Now, that may not be a bad thing in and of itself, but Bruenig also finds that offering free tuition is unlikely to change the income composition of college. Don’t believe him? Just look back to the 1970s when college tuition wasn’t nearly the problem it is today, yet student populations were even more disproportionately affluent. Taken together, that means that wealthier families will actually be the ones to see the windfall of any plan to make college tuition free.

  1. The cost of college will soar

Sanders’ public option would change who writes the final check to the college, but in doing so it would create perverse incentives that would raise the cost of college, and thereby raise the burden on the true financier: taxpayers. Right now, at least to some degree, colleges are forced to compete based on price. Given two institutions of the same quality a rational family will typically choose the less expensive option.

But in a tuition-free world the demand for a higher education could soar at the same time that the incentive to keep prices reasonable is eliminated. This means that colleges will be competing solely based on the quality of their faculty and the number of their amenities. In other words, prepare for an arms race in shiny new buildings (state of the art gyms, chef-inspired dining halls, and teched-out classrooms) that may not have any impact on the quality of the education being offered, but could serve as an allure to new students.

And since the government has promised to pick up the ever-higher tab, taxpayers (also known as college graduates) will be picking up the tab for the education they thought was free.

  1. Quality would suffer

The price of a higher education is one of the few ways we have to allocate scarce educational resources, i.e. high quality teachers. But since the price signal is eliminated the market gets flooded with students, which will surely lead to a rash of new colleges and universities attempting to enter the fold. This not only dilutes the limited amount of educational talent we have, but also dramatically expands the cost to the federal government. At that point the only check on quality and quantity is aggressive administrative controls at the federal level, which generally tend to end up ineffective, arbitrary or result in shortages. Oddly enough that’s exactly the situation that has happened in Germany, one of the models that Sanders holds up as the ideal. As Charles Lane writes for the Washington Post:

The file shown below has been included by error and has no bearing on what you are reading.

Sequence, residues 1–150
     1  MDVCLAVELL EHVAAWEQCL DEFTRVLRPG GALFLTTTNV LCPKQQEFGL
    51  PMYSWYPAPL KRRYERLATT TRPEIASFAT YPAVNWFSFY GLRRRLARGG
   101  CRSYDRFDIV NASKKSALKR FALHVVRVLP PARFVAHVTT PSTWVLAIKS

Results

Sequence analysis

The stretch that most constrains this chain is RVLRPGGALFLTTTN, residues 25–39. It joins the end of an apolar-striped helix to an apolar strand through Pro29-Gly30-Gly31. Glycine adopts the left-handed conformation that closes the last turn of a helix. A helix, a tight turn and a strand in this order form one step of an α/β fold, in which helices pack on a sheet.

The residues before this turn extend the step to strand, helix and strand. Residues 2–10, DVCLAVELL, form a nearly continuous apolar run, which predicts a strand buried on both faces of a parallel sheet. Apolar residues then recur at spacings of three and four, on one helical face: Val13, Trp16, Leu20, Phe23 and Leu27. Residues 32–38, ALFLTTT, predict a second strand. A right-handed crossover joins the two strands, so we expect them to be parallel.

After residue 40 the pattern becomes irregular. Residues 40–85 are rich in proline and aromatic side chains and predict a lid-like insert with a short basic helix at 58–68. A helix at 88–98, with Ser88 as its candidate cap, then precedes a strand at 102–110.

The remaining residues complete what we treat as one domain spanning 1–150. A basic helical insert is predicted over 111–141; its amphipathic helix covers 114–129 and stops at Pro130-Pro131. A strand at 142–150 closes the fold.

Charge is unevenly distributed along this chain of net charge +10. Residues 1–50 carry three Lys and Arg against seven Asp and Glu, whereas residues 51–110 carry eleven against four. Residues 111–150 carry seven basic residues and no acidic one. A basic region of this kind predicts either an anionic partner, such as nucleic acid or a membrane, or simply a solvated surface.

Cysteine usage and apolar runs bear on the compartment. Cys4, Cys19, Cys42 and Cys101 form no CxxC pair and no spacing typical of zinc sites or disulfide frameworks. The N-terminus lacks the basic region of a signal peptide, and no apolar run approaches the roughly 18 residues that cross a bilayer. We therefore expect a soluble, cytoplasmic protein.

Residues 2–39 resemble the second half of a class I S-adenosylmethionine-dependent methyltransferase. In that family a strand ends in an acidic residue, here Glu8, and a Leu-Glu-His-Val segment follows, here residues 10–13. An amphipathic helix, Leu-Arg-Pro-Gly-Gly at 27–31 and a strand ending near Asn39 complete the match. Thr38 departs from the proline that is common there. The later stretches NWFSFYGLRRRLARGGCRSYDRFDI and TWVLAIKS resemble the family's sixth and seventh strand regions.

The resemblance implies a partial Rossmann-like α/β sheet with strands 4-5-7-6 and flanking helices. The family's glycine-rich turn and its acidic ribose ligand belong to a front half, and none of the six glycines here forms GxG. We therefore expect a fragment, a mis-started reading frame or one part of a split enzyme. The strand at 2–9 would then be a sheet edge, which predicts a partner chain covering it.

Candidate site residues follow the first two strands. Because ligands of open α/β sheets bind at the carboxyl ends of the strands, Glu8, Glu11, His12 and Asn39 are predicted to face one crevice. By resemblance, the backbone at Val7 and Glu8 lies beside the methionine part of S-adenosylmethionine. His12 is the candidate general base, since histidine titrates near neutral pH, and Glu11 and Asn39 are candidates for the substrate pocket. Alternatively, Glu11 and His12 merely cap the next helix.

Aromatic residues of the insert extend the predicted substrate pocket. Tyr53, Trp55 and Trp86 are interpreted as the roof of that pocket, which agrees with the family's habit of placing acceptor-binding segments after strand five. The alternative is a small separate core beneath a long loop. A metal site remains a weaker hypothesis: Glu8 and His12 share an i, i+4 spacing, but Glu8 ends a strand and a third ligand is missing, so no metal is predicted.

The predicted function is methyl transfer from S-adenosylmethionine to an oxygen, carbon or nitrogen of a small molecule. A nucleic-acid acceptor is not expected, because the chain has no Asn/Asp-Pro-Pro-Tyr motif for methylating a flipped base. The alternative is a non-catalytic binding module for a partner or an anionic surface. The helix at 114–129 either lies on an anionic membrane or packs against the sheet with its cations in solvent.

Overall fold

Overall, German institutions are considered good, not great; few show up on global “top 50” lists, for what that’s worth.

Germany also rations access to higher ed through tracking — selecting a college-bound minority at an early age while putting everyone else on course to less-exalted training. This is one reason that fewer German youth finish college than do American youth, despite not having to pay tuition. At the same time, Germany tends to accumulate “eternal students”; its now-abandoned recent experiment with charging tuition was an attempt to make them either graduate or leave.

Is that really a system we want to emulate? I sure hope not.